After the kids and I finished Mockingjay, I was looking for something to listen to in the car for the three of us. White Cat was well-reviewed by Beth Fish Reads, it was written by Holly Black of the Spiderwick Chronicles, and who could resist that cover? So sultry with all that black leather against that beautiful feline. And, after all, I sort of feel like I am the White Cat blog, with Casper the freak-show as my mascot.
Synopsis: Cassel Sharpe is the only "non-gifted" member of a family of curse-workers...a motley crew of folks that can alter memory, manipulate emotions, and even kill with their powers. Cassel desperately wants to fit in with his private school classmates, and does a decent job by being a pretty good con artist and dorm bookie, but is haunted by vague memories of killing his best friend Lila several years ago. He keeps his secrets to himself.
When Cassel wakes up on the roof of a school building, presumably from sleep-walking, things really start to get strange. Something is fishy with his brothers. Have they been performing memory curses? Why is his sister-in-law acting addled? Why does he keep having these strange dreams about Lila, posing as a white cat, telling him that he is the only one who can break the curse? He is also nervous and suspicious about his family's connection with the organized crime syndicate, who use illegal curse working for monetary gain.
My thoughts: I found the whole premise of this first installment of The Curse Workers Trilogy (of course it's a trilogy) very creative. Instead of drugs being the driving force behind organized crime, it is curse work, because it is dangerous and illegal. Black does a respectable job of developing this alternative world of mind games and manipulation and the struggle for power.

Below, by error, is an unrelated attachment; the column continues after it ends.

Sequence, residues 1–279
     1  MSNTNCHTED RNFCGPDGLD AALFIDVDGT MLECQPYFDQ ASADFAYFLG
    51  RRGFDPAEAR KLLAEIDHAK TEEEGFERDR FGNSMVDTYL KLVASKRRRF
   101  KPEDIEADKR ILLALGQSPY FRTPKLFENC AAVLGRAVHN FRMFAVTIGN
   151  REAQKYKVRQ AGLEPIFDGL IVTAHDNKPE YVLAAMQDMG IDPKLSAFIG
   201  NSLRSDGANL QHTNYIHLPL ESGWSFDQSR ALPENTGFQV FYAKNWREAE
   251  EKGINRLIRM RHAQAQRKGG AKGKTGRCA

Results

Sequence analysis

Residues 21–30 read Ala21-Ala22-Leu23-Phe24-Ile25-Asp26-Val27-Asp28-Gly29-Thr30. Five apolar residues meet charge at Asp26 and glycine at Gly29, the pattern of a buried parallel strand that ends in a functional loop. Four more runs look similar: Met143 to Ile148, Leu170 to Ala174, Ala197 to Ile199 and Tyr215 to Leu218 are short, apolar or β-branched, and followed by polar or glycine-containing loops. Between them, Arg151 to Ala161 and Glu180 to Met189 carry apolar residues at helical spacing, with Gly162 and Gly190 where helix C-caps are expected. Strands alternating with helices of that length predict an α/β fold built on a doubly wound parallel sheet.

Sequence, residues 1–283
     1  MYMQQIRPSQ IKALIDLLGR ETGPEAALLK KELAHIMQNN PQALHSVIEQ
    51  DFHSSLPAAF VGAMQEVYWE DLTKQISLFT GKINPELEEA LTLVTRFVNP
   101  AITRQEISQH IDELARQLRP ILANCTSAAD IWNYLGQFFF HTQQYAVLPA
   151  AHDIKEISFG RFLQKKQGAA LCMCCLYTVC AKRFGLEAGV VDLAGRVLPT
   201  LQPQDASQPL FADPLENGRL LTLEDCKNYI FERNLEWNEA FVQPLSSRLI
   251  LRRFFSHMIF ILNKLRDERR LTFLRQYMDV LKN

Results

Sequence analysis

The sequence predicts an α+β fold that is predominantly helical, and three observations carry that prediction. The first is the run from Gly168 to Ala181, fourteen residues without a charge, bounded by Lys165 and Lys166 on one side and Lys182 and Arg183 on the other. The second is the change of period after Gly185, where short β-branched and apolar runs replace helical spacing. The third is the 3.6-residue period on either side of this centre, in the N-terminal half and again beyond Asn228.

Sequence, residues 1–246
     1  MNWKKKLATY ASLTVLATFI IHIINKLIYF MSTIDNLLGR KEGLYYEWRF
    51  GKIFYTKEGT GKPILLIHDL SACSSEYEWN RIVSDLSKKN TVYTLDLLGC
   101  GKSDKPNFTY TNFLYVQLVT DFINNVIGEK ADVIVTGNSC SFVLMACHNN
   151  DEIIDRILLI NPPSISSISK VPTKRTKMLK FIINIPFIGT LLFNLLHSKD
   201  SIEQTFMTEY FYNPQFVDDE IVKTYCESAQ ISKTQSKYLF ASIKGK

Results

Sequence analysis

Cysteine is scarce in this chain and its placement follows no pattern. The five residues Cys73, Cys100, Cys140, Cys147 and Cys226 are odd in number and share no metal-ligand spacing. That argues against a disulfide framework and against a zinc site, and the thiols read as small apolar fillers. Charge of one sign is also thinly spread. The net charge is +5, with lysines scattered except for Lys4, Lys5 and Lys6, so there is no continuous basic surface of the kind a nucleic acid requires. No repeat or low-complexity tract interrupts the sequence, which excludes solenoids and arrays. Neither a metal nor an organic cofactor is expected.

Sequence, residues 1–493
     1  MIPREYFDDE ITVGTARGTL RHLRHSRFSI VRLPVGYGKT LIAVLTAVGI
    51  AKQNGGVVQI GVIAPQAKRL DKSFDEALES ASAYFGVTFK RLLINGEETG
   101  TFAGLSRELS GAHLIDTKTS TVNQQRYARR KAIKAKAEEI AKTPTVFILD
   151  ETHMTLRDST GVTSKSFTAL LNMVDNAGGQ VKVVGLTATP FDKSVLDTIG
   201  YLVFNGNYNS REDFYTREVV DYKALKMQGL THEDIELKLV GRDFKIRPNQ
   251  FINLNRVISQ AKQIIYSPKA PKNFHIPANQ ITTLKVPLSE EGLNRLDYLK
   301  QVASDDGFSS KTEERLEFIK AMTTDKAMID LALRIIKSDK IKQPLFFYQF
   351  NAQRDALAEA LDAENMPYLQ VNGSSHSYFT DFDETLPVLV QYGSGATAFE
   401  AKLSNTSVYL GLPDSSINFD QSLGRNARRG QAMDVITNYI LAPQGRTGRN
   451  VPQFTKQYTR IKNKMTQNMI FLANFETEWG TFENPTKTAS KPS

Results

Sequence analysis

I became very fond of Cassel. His character was a complicated maze of teenage hormones, faltering self-esteem and cockiness. His geeky-cool school friends reminded me of something from Napoleon Dynamite, and I look forward to hanging with them a little more. There were many other characters, though, that were shallow and two-dimensional - Cassel's grandfather, his brothers and Lila. There were hints of interesting history beneath the surface, just there to excite me, but it was kept at arm's length. Perhaps Black is saving something for installments 2 and 3?
To Black's credit, she didn't leave us in the middle of a cliff-hanger, which I think is a cheap tactic to get us back for the second installment (titled "Red Glove, which she is still writing). I'd be happy to come back without any of that strong-arming. My son and I really enjoyed the story...it didn't blow us away but we were entertained. My daughter stopped listening somewhere in the middle. She thought it was "weird and confusing", her words.
My daughter is right, the plot is a bit twisted. There were a few times when I wasn't sure what was going on, but just allowed myself to go with the flow. There was some language - nothing too shocking though. There was also some kissing and one close situation, but no sex or reference to sex. I felt comfortable with my 11 year old listening.
A few words about the audio production: This audio was narrated by actor Jesse Eisenberg, who is probably most known for his leading role in "The Social Network". Even though he is in his late twenties, he has a very young-sounding voice and lent itself to the spirit of Cassel's personality. He talked a little too fast, and did not use much inflection, which could be his style, or could be inexperience in narration. But after a disc or two, we got used to it.
Me: 3.5 out of 5 stars
My son: 4 out of 5 stars
My daughter: 2 out of 5 stars